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4,000 PLA Officers Set for Audit by End of 2010
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China will audit more than 4,000 military officers during the 11th Five-Year Plan (2006-2010) to ensure the efficient use of military expenses, a senior military officer said.

Among these officers, more than 100 will be army commanders or above, said Liao Xilong, a member of the Central Military Commission of the Communist Party of China.

"We will make it our priority to audit those taking charge of military expenses, officers whom people complain about, those likely to be promoted and those set to retire," said Liao, who is also the director of the General Logistics Department of the People's Liberation Army (PLA).

"We will apply the audit results to the evaluation of the military officers."

China will strengthen its auditing of projects relating to armaments and military expenditures to improve its management of the army and the anti-corruption and Party building drives, Liao said.

Starting from last year, China began to audit all military officers with the rank of lieutenant colonel or higher who are in charge of army finance work, according to a regulation issued by the PLA in 2004. The rule requires senior military officers be audited when they have held a post for two years, are a candidate to leave the post or are being evaluated.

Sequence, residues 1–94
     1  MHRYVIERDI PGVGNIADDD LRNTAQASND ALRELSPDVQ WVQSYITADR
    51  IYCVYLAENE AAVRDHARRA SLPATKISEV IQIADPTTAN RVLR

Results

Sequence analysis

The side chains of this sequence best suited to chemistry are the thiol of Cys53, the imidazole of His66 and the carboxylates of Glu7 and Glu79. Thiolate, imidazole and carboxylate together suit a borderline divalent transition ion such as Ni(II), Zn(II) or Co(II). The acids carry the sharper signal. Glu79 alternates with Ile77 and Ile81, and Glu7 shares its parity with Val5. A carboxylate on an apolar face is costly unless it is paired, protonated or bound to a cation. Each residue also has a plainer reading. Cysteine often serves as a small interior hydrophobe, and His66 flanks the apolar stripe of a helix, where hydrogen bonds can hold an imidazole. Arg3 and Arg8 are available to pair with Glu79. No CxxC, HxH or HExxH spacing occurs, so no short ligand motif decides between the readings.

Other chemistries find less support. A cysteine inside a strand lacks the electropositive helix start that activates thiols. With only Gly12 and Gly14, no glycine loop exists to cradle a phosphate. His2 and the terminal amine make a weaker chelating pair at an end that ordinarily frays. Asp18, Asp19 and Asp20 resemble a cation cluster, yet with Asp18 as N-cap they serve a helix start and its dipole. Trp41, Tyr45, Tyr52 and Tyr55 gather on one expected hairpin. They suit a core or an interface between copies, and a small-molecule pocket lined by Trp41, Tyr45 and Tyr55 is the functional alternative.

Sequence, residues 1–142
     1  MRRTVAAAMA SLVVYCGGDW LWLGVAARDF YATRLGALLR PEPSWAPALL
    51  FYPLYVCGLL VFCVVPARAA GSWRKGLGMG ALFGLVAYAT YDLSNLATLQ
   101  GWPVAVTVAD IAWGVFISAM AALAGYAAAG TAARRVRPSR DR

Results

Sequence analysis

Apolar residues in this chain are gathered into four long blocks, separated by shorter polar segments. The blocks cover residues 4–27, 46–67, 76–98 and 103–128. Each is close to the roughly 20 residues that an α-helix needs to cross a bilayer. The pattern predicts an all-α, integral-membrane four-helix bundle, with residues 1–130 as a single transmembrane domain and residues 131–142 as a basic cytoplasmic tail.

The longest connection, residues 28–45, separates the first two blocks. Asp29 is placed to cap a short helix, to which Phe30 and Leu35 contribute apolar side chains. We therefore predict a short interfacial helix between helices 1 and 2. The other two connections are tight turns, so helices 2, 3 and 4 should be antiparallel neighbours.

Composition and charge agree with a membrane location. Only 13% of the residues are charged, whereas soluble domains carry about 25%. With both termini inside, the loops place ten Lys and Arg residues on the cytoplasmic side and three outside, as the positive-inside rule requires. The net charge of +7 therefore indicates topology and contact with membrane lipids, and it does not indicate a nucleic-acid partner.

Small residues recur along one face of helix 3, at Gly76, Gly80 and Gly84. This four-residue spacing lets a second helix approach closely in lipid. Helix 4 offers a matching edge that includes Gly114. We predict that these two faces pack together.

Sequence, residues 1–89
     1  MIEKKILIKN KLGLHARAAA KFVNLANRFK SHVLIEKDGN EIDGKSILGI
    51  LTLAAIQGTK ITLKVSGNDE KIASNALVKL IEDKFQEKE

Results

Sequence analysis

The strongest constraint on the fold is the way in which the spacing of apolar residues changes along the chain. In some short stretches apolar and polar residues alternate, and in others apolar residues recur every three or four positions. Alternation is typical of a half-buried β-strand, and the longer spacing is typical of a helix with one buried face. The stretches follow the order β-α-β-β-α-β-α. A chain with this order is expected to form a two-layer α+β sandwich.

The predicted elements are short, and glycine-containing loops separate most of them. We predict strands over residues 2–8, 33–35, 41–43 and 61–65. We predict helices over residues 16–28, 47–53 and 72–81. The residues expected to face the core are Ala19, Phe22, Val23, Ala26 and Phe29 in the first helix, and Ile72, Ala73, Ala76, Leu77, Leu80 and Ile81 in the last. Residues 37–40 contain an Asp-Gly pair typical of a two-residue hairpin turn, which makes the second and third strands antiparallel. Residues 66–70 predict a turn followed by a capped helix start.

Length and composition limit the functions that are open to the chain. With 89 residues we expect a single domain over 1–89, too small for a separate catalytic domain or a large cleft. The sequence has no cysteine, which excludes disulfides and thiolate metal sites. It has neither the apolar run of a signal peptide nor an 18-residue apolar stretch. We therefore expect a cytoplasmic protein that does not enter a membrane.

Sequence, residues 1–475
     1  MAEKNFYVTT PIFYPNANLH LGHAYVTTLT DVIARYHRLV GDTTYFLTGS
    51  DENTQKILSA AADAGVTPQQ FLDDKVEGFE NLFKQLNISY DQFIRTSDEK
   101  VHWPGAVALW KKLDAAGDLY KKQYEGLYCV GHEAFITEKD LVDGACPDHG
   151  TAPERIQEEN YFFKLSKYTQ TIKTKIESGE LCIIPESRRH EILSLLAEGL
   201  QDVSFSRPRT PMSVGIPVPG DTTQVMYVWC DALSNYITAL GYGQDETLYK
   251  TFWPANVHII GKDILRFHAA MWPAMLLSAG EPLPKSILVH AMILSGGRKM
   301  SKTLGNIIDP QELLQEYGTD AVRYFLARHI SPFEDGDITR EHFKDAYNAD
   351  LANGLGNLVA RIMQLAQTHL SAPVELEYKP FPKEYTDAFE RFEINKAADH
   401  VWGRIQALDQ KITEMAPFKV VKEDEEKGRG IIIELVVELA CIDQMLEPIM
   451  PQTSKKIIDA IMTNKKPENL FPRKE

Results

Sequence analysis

The audits will cover annual budgets, accounting work, revenue, expenses, assets and debts.

The audit work has succeeded in standardizing and raising the efficiency of military expenditures, the PLA said.

During the 10th Five-Year Plan (2001-2005) period, the country audited 77,000 military institutions and projects and 7,890 military officers, bringing about direct economic benefits worth 6.8 billion yuan (US$840 million).

Key projects, such as the aid the Chinese army provided to countries suffering from the Indian Ocean tsunami and expenditures on the joint military drill with Russia, have all been audited.

In the next five years, the PLA audit office will also improve auditing of engineering projects and stored materials for preparedness against war and equipment auditing.

The Chinese PLA Audit Office will review all large engineering projects with investment above 100 million yuan (US$12.3 million) while leaving smaller projects to audit departments of military area commands across the country and various military forces.

China practises a State-wide ordering system to guarantee the procurement and provision of weapons, equipment and military materials. The General Armaments Department is responsible for procuring weaponry and equipment, and the General Logistics Department is in charge of procuring military materials. According to the white paper on China's national defence in 2004, the management of China's defence funds has become more transparent and standardized.

(China Daily February 1, 2006)

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